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Specificity of Occupational Training and Occupational Mobility: An Empirical Study Based on Lazear’s Skill-Weights Approach

  • Regula Geel


    (Institute for Strategy and Business Economics, University of Zurich)

  • Johannes Mure


    (Institute for Strategy and Business Economics, University of Zurich)

  • Uschi Backes-Gellner


    (Institute for Strategy and Business Economics, University of Zurich)

According to standard human capital theory firm financed training cannot be explained if skills are of general nature. Nevertheless, investments of firms into general training can be observed and there has been a large literature to explain this puzzle, mostly referring to imperfect labor market issues. In German speaking countries firms invest heavily into apprenticeship training although it is assumed to be general. In our paper, we study the question to what extent apprenticeship training is general at all. Our paper for the first time studies how specificity of training may be defined based on Lazear’s skill-weights approach. In our empirical part we use a unique German Qualification Survey, containing extensive information about the required skills at a workplace. We build occupationspecific skill-weights and find that the more specific the skill portfolio in an occupation is in comparison to the general labor market, the higher are the net costs firms have to bear for apprenticeship training in the respective occupations. At the same time, the more specific the skill requirements are in an occupation, the smaller is the probability of an occupational change during an employee’s entire career. Due to the new definition of occupational specificity, we thus find that apprenticeship training - formerly seen as general training - is very heterogeneous in its specificity.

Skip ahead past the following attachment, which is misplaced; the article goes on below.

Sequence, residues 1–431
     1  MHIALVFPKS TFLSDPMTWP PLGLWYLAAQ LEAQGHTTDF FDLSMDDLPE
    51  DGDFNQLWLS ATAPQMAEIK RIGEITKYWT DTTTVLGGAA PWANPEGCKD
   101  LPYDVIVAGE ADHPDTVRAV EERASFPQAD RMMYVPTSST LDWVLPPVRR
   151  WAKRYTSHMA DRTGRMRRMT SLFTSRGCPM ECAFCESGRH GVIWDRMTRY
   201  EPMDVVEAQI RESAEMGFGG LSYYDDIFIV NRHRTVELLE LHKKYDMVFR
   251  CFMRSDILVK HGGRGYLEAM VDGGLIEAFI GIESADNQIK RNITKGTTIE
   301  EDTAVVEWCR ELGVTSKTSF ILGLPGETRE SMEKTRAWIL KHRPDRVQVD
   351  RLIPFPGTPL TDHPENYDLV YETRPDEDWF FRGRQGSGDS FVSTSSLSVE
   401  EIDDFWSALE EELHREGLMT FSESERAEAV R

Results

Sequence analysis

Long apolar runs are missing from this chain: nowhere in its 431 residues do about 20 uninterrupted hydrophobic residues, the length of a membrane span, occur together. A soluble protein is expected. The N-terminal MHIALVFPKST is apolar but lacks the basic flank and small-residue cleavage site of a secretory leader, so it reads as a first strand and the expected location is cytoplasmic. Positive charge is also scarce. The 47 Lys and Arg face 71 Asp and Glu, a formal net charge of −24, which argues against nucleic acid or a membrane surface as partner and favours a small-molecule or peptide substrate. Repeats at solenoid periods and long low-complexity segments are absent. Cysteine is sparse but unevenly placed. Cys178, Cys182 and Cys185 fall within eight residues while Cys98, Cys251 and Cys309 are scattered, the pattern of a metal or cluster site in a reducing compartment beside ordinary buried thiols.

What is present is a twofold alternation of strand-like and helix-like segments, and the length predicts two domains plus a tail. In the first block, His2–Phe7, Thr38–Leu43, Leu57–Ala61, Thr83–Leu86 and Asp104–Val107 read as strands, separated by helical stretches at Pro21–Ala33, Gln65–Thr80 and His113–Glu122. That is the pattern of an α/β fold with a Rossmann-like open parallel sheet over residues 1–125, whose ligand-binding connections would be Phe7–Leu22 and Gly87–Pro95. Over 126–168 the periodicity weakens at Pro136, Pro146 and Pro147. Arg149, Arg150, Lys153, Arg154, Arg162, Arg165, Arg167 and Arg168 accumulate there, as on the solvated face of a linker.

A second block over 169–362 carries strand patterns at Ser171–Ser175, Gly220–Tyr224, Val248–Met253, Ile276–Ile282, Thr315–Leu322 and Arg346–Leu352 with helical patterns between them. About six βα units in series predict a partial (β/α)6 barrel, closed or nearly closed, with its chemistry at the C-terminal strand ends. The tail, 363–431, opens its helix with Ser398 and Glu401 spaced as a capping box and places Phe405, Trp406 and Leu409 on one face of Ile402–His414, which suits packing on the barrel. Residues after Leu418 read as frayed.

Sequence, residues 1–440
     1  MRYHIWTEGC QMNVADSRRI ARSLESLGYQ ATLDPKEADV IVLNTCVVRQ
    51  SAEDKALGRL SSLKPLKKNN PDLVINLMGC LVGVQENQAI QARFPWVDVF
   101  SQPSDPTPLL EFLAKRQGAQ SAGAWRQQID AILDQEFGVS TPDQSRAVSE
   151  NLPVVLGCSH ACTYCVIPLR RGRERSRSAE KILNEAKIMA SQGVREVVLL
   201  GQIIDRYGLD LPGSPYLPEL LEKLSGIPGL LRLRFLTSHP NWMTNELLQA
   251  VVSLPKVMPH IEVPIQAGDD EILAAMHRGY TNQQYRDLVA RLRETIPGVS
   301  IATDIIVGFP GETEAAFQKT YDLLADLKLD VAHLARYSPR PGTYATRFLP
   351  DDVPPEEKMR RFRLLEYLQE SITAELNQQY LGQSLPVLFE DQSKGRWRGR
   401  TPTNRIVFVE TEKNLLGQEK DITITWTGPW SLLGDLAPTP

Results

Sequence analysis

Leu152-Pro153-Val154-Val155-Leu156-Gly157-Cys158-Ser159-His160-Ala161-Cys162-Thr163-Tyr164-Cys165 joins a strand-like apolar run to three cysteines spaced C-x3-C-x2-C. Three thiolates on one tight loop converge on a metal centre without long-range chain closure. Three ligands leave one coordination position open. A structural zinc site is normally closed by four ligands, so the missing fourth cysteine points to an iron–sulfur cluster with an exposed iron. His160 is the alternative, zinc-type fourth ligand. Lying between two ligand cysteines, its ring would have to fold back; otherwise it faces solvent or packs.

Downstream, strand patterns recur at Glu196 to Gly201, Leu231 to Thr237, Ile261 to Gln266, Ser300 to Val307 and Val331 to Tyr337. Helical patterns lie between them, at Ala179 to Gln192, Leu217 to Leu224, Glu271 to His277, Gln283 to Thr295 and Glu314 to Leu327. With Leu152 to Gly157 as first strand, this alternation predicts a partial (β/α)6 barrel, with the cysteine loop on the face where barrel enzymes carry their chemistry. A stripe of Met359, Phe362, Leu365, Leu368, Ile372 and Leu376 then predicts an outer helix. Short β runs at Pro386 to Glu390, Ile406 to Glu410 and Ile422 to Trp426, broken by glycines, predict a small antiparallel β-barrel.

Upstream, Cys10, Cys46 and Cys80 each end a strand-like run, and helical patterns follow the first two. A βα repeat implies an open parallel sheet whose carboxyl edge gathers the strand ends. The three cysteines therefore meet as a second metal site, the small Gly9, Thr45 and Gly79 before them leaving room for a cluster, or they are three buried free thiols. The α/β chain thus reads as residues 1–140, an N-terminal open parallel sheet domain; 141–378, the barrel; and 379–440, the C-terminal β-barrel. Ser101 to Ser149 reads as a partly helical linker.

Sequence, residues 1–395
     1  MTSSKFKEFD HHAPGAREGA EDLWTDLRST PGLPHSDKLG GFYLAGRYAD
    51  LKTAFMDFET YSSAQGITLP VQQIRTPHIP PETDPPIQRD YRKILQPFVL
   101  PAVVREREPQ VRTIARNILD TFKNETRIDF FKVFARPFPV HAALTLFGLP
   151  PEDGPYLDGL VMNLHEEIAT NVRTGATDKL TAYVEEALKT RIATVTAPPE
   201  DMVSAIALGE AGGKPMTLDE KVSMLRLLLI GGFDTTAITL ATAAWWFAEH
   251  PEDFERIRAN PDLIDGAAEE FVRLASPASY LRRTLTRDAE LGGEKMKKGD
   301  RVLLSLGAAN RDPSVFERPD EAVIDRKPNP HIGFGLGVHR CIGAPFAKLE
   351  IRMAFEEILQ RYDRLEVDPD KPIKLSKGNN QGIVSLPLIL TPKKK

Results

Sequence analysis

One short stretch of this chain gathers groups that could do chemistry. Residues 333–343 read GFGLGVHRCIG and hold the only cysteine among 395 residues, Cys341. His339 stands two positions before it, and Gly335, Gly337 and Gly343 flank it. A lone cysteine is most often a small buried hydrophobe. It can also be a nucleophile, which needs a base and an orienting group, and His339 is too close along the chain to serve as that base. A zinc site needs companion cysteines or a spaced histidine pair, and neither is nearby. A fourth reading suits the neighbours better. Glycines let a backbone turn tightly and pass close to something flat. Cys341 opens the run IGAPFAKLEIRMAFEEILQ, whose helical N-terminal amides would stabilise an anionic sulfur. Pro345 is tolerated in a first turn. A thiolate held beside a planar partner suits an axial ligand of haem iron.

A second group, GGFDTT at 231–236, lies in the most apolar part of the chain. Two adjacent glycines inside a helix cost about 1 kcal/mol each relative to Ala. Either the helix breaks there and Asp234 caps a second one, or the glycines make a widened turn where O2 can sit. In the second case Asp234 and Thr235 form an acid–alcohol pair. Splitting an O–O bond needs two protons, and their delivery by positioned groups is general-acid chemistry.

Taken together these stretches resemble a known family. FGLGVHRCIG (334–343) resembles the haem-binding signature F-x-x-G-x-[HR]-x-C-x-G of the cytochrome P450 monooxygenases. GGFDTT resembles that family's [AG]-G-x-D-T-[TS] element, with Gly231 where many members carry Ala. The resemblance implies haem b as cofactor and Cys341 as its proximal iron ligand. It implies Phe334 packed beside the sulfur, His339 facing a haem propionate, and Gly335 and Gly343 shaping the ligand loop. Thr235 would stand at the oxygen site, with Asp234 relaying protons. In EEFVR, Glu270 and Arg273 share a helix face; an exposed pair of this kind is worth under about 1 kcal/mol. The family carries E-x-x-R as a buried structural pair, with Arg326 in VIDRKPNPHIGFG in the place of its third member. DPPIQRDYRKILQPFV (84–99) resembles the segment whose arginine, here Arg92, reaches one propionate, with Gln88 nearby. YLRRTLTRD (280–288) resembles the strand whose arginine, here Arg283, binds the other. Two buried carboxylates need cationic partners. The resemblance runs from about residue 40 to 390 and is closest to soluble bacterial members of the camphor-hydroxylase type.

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Paper provided by University of Zurich, Institute for Strategy and Business Economics (ISU) in its series Economics of Education Working Paper Series with number 0038.

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Length: 24 pages
Date of creation: Nov 2008
Date of revision:
Handle: RePEc:iso:educat:0038
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  1. Harhoff, Dietmar & Kane, Thomas J, 1996. "Is the German Apprenticeship System a Panacea for the US Labour Market?," CEPR Discussion Papers 1311, C.E.P.R. Discussion Papers.
  2. Acemoglu, D. & Pischki, J.S., 1996. "Why Do Firms Train? Theory and Evidence," Working papers 96-7, Massachusetts Institute of Technology (MIT), Department of Economics.
  3. Euwals, Rob & Winkelmann, Rainer, 2001. "Why do Firms Train? Empirical Evidence on the First Labour Market Outcomes of Graduate Apprentices," CEPR Discussion Papers 2880, C.E.P.R. Discussion Papers.
  4. Katz, Eliakim & Ziderman, Adrian, 1990. "Investment in General Training: The Role of Information and Labour Mobility," Economic Journal, Royal Economic Society, vol. 100(403), pages 1147-58, December.
  5. Edward P. Lazear, 2003. "Firm-Specific Human Capital: A Skill-Weights Approach," NBER Working Papers 9679, National Bureau of Economic Research, Inc.
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